Born in Valensole (Alpes de Haute-Provences) on the last day of the year, into a noble Provençal family, Villeneuve entered the French Navy as an 'aspirant-garde' in July 1778. After seeing action the West Indies, he ended his participation in the American war in Destin and the frigate Blonde. He was then to serve in the Mediterranean in the frigate Alceste (1787-88). He did not emigrate at the Revolution and in February 1793 became captain. Although removed from the navy in because of he was a noble in the following November, he nevertheless was brought back into the service at the same rank in May 1795. In 1796 he became a rear-admiral and commander of five ships in the Mediterranean. He was to have acted as support for the invasion of Ireland, but was blockaded out of Brest by the British fleet and had to retire to Lorient. At the Battle of the Nile he was divisional commander, but his ship, Guillaume Tell, remained inert during the battle and brought no assistance to commander Bruix. Taking over command from the deceased Bruix, Villeneuve retired from the battle with two ships and two frigates, retreating to Malta where he was captured when the island capitulated in September 1800, only to be released soon afterwards. Commander of the ships at Tarentum in April 1801, and later in charge of a division at Rochefort (1803), Villeneueve was promoted to Vice-Admiral in May 1804, becoming commander of the Toulon squadron in Bucentaure on the death of Latouche-Tréville. He thus found himself in charge of the great strategic manoeuvres of the summer of 1805, namely the race to the West Indies and back in an attempt to trick Nelson and the British fleet, in the attempt to clear the channel for a French invasion of Britain. Villeneuve left Toulon on 30 March, 1805, reached Martinique on 14 May, turned back towards Europe on 9 June, fought an inconclusive off Cape Finistere against Calder on 22 July, and then (instead of heading for the channel) retreated to Cadiz, into which he was blockaded by Nelson. Submerged by orders from Napoleon (and guessing that he was soon to be replaced in his position - in fact by Rosily), he made a sortie on 21 October, where he was caught by Nelson's squadron, bringing about the Battle of Trafalgar. The results were catastrophic for the allied French and Spanish navies, both in terms of men killed and ships lost. Villeneuve was taken prisoner and freed on parole in April 1806. He committed suicide in an inn in Rennes on 22 April, 1806, stabbing himself six times in the chest. He was a good sailor and well educated but possessed none of the qualities of a good leader. He was weak, indecisive, lacking in confidence either in himself or in the ships and men under his control, crushed by his responsibilities, and beset by dreadful forebodings, but worse still who had to face an opponent who had all the qualities he lacked.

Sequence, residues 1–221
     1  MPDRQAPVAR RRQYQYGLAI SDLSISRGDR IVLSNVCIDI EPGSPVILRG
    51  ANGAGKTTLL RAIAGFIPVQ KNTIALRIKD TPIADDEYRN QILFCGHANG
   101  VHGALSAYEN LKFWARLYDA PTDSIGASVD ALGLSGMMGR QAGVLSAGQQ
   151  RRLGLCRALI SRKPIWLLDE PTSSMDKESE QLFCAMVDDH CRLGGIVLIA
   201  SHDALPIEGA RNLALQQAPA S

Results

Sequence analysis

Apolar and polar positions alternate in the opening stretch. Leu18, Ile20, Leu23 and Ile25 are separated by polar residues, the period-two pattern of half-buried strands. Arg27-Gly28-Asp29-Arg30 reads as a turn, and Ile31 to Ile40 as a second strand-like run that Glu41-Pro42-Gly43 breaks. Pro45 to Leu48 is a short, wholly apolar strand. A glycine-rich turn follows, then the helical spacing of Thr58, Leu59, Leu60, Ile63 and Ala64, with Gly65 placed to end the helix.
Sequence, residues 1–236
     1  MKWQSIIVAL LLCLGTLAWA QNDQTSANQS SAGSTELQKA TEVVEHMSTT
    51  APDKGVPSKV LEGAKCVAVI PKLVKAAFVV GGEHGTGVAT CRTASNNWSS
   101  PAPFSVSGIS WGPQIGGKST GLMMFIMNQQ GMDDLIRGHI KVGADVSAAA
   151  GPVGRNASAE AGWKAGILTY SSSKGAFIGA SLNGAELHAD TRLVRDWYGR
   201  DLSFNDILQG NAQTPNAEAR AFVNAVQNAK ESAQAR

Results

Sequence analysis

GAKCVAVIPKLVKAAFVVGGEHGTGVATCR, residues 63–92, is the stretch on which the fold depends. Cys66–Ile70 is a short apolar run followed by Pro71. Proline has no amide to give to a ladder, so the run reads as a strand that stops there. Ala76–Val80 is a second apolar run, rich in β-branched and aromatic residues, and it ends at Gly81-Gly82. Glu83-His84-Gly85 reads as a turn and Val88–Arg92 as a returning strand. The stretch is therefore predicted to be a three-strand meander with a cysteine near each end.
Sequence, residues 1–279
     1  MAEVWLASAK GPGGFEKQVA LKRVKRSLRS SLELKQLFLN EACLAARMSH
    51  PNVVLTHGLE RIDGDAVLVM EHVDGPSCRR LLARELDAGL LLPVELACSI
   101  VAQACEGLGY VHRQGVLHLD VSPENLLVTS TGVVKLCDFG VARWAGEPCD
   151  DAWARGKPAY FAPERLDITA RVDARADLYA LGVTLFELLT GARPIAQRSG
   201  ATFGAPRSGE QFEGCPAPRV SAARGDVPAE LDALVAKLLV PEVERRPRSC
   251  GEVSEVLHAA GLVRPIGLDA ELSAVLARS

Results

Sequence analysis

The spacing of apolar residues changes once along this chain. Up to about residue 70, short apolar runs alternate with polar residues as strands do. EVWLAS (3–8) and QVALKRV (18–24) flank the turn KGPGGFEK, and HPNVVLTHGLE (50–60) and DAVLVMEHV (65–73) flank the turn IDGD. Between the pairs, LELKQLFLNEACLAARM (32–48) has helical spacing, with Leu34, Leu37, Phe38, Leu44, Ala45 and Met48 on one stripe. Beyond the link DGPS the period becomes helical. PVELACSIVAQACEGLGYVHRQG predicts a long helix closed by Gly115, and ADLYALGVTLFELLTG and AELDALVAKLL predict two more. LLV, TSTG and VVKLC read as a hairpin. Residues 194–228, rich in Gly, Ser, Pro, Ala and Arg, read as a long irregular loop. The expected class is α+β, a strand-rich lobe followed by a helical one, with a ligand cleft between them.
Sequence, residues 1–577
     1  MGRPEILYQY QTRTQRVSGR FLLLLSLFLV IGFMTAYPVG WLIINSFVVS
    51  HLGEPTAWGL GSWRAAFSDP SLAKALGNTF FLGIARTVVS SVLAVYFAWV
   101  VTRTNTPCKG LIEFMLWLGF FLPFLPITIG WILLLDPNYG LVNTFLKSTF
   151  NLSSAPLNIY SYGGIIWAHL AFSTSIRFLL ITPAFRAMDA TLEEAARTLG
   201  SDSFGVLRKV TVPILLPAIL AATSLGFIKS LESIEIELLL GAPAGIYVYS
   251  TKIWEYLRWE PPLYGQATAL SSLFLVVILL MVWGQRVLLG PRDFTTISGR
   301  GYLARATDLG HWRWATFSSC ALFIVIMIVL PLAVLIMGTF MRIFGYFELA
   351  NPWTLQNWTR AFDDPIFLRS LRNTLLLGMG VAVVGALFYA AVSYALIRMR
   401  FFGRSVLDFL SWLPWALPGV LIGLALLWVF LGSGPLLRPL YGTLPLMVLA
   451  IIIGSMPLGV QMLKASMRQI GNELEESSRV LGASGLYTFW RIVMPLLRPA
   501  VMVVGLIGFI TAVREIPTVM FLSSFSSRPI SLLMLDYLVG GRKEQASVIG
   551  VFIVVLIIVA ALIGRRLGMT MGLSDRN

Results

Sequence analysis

Based on the entry 'Villeneuve', in Dictionnaire Napoléon, ed. J. Tulard, Paris: Fayard, 1999. With permission.